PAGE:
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NIH draft guidance encourages central IRB use

The National Institutes of Health (NIH) has officially given its blessing to the use of central IRBs for large multi-site clinical trials.

In a draft guidance released at the beginning of the month, the NIH promotes the use of a single, central IRB for its multi-site studies, stating that multiple IRB reviews are slow, cumbersome, redundant, and add nothing to human subjects protections. “In fact, the use of single IRBs may lead to enhanced protections for research participants by eliminating the problem of distributed accountability, minimizing institutional conflicts of interest, and refocusing IRB time and resources toward review of other studies,” the guidance notes.

While the NIH will not outright require the use of central IRBs for its multi-site studies, it is encouraging central IRB use in the strongest terms. “NIH generally expects all domestic sites of multi-site NIH-funded studies to use a single IRB of record. The Policy applies to all domestic sites participating in NIH conducted or supported multi-site studies, whether supported through grants, contracts, or the NIH intramural program,” according to the guidance. “All sites participating in a multi-site study will be expected to rely on a single IRB to carry out the functions that are required for institutional compliance with IRB review set forth in the HHS regulations for the Protection of Human Subjects,” according to the guidance.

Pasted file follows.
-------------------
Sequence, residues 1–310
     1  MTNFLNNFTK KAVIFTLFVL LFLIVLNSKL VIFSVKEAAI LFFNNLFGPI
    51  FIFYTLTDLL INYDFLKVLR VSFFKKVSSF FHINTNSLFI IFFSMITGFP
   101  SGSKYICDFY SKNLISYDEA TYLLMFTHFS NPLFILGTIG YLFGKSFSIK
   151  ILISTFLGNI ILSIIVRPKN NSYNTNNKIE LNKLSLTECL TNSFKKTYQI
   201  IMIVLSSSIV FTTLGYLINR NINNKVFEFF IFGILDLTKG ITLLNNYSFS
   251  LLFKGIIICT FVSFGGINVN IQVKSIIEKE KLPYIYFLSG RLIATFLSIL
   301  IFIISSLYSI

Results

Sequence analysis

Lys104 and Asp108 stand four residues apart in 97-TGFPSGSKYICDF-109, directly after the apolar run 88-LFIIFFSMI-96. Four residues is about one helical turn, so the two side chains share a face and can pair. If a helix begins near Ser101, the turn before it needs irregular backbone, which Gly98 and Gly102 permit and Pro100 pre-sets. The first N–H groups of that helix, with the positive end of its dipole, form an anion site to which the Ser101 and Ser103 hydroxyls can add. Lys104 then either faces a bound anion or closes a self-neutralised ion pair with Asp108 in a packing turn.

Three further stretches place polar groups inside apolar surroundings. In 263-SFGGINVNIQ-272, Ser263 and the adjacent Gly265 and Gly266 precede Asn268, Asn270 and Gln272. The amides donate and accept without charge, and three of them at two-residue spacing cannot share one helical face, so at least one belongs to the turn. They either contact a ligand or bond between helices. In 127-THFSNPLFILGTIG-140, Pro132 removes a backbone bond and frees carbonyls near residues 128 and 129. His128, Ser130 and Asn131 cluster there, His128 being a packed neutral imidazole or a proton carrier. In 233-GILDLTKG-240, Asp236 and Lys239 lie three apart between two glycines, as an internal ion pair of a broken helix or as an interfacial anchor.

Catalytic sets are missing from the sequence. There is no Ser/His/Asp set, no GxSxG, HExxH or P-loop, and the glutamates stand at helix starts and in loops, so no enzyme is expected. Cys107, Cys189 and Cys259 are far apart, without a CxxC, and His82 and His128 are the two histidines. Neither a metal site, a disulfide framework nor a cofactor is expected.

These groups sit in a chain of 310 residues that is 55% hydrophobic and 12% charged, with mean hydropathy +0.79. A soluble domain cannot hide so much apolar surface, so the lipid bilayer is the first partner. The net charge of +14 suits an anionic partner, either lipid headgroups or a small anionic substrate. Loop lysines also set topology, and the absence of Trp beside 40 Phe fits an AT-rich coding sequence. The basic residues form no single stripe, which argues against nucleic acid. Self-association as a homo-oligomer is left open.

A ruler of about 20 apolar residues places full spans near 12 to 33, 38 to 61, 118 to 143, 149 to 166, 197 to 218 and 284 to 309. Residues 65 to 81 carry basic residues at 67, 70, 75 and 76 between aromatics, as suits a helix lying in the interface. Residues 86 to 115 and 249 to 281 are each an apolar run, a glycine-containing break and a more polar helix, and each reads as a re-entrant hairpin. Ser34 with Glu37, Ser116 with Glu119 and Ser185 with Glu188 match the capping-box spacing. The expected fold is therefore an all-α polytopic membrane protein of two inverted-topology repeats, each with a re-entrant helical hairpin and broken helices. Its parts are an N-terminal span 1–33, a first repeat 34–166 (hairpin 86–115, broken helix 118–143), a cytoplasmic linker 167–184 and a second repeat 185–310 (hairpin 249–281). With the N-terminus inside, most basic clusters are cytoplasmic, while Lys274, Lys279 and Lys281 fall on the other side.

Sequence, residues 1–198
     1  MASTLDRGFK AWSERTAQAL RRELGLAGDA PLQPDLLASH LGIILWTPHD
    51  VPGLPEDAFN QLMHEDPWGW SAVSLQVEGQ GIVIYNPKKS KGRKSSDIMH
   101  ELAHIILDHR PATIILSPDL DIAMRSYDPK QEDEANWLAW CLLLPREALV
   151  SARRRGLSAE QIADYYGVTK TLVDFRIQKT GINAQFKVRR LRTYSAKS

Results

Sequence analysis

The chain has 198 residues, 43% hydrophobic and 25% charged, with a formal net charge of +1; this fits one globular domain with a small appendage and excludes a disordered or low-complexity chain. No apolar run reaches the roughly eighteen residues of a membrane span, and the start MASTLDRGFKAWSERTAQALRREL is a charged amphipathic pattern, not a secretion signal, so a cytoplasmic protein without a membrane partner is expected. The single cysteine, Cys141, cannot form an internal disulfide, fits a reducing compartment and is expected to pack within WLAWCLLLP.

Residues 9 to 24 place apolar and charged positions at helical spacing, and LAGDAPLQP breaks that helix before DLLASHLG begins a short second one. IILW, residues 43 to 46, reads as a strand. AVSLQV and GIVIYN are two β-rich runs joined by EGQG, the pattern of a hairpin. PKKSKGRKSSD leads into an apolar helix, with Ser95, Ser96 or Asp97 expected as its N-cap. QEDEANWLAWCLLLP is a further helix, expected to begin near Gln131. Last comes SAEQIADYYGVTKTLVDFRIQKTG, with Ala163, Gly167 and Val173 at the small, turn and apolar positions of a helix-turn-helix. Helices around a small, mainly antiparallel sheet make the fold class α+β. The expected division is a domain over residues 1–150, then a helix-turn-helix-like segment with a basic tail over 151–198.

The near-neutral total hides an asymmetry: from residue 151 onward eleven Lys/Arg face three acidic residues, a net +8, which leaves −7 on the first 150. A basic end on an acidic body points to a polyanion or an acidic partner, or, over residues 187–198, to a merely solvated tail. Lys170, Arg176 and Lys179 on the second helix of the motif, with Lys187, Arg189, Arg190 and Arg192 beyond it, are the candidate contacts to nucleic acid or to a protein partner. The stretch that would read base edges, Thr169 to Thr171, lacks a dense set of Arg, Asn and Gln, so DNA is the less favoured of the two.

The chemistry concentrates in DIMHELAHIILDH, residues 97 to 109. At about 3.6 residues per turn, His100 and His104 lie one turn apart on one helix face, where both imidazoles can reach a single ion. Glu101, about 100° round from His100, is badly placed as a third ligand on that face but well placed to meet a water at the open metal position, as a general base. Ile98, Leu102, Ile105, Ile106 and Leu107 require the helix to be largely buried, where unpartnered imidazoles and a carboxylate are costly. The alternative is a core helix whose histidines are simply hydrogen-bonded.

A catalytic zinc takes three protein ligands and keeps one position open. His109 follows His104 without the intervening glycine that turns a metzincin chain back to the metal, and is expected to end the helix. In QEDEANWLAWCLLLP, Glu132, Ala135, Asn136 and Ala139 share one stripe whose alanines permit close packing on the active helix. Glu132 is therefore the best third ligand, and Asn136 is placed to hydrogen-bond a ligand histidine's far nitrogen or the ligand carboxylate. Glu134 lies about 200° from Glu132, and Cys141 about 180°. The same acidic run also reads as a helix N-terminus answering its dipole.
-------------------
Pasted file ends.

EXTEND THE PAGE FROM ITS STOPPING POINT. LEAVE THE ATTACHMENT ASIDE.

Elements of the guidance include:

  • Participating sites will be responsible for obtaining informed consent, reporting unanticipated and adverse events to the central IRB, and overseeing implementation of protocols.
  • The lead site will be responsible for maintaining authorization agreements and will consider local context when necessary.
  • Participating sites are not barred from performing their own IRB review, but that site would be responsible for the cost of the extra review.
  • Exceptions to central IRB use can be made if local review is designated by state, federal, or tribal laws, or if the central IRB cannot meet the needs of a specific study population.
Of course, the idea of central IRBs is nothing new. But there has been a greater push for the use of them in recent years. Reliance on one IRB for review streamlines approval times and reduces cost and staffing hours involved in approving large studies. IRBs around the country are increasingly relying on central IRBs or forming IRB consortia for multi-site studies.

Even so, many IRBs are reluctant to rely on a central IRB – some simply are reluctant to cede control, while others wonder where responsibility will lie in the case of adverse events, or don’t know how to structure authorization agreements. The NIH acknowledged this in its statement, and referred IRBs to guidances from the Food and Drug Administration and the Secretary’s Advisory Committee on Human Research Protections. The NIH is taking public comment on the guidance through Jan. 29, 2015.